“Happy Hair” by Mechal Renee Roe is aimed at preschoolers and primary grade readers. It’s all about a celebration of hair — specifically black hair — that showcases all the wonderful, beautiful styles that those with super curly, abundant black curls can rock. From “FAB ‘FRO” to “BANGIN’ BANTU” (adorable tightly wound mounds) the illustrations match the simple prose, with the same round face sporting different hair styles, different earrings, different skin color, different lip color, and different clothing. Even the layout and text are stylized with all-caps text except for the statement, printed under the simple rhyming text, “FRESH DO, TOO COOL!” that says, in all lower case letters, over and over on each double page spread, “i love being me!” One one side of each double spread is the illustration of the girl with the hairstyle against a solid background with a speech balloon naming the hair style. On the opposite page, against a background of polka dots, is the text. It’s simple, but visually quite appealing. Those of us who can’t get the “bangin’ Bantu” style? Jealous. (Doubleday Books for Young Readers)
“Home in the Woods” by Eliza Wheeler is not a typical diverse book at first glance. But diversity isn’t just about race or religion or ethnicity. It’s also about SES, or socioeconomic status. In this beautifully illustrated and narrated story, a large family loses its father. The family, now consisting of Mum and her eight children, ranging in age from fourteen years to three months, must find a new place to live. Marvel, age six, is the first person narrator. She narrates their plight in simple text. “Dad lives with the angels now, and we need to find a new home.” In soft shades of green, we see the mother and the children walking together down a rural road, a wheelbarrow carrying a washbasin and kitchen items and a small child, other children carrying rolled up mattresses, pillows, and a chair. They find a shack deep in the woods wrapped in tar paper. It’s a wreck, and Marvel says, “It’s hot outside, but the shack looks cold and empty, like I feel inside.” Optimistically, the mother tells the kids, “You never know what treasures we’ll find.” But inside the shack, there isn’t much: old iron bed springs, a wooden table, empty crates, a rusty oven. But there’s a root cellar with a pump and fresh water, and the rich soil will be a perfect spot for a garden. And life goes on, especially with most of the eight children helping with chores, and even in the bitterly cold, dark winter the family finds things to celebrate. This is a touching and tender depiction of simple living and a loving family overcoming adversity. It’s about how a family with no money not only survives during the Depression, but thrives — not financially, but emotionally. And the illustrations are stunning. Some are simple images against a white background, but some are full page and filled with color and beauty. The combination of delicate watercolor with the black ink drawings is much like the story — a combination of stark circumstances and the softness of love and family — working together to make something amazing. (Nancy Paulsen Books)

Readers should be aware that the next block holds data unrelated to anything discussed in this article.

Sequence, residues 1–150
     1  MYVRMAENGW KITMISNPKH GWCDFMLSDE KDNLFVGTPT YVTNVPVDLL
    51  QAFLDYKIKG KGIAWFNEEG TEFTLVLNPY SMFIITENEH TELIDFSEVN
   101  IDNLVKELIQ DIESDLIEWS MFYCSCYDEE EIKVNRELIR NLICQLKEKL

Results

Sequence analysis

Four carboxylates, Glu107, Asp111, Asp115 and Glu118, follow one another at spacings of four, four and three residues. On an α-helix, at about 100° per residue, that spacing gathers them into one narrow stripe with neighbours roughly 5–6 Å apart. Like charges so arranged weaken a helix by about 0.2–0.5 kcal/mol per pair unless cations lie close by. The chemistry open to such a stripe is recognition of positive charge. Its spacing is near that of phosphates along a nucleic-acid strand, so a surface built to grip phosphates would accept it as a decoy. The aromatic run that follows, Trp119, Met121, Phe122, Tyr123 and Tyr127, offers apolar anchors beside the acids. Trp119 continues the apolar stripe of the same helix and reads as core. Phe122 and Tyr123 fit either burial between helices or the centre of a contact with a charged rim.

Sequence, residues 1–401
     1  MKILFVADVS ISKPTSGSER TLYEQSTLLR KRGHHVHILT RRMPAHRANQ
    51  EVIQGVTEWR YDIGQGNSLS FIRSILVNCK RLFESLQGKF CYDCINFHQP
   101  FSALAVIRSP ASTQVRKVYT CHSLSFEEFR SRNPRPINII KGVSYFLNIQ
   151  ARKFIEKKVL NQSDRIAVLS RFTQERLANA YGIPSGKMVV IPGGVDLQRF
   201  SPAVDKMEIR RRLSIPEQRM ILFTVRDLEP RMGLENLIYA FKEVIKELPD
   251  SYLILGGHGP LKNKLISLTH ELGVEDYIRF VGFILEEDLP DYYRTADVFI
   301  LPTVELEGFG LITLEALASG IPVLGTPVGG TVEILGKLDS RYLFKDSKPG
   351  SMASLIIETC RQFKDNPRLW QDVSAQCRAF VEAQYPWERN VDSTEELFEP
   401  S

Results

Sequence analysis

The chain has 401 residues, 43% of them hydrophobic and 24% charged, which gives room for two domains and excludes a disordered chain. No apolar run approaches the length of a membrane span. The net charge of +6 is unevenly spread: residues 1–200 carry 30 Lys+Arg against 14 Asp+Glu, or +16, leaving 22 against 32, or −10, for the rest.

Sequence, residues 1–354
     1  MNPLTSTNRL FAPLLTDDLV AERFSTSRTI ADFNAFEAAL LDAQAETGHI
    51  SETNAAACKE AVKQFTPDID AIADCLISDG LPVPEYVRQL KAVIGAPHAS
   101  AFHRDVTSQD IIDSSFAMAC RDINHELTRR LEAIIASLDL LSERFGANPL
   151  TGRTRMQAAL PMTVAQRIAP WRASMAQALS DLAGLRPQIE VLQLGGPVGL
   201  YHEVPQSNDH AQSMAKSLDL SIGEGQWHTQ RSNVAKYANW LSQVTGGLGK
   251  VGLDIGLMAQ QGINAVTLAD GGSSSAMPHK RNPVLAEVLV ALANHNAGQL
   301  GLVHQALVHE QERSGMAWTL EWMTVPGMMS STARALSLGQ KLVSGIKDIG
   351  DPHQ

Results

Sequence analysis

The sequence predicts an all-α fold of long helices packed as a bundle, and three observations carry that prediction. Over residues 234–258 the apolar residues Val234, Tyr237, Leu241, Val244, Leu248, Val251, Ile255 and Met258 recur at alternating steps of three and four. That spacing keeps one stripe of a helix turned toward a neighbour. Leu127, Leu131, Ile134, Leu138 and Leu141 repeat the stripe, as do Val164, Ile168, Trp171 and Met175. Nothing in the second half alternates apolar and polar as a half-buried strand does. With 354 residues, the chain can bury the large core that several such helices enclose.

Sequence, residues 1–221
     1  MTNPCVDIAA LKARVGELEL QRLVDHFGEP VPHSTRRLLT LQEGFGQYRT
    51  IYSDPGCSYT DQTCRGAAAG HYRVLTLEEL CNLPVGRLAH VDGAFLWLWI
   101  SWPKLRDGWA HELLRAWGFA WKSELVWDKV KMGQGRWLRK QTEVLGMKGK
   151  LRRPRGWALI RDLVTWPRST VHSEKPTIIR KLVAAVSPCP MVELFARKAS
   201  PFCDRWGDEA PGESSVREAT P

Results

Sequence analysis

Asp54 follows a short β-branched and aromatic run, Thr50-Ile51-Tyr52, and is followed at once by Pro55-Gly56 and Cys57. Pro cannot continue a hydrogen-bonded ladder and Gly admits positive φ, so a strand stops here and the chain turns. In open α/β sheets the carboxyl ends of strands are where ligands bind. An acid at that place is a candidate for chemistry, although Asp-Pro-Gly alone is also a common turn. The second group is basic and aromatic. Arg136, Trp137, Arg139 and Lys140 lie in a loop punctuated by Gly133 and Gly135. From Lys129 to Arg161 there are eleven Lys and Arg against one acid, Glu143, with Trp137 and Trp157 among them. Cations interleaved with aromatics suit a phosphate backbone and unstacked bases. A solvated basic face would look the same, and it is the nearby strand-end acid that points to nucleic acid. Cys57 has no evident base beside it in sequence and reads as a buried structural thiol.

Please note: This review is based on the final, hardcover books provided by the publishers for review purposes.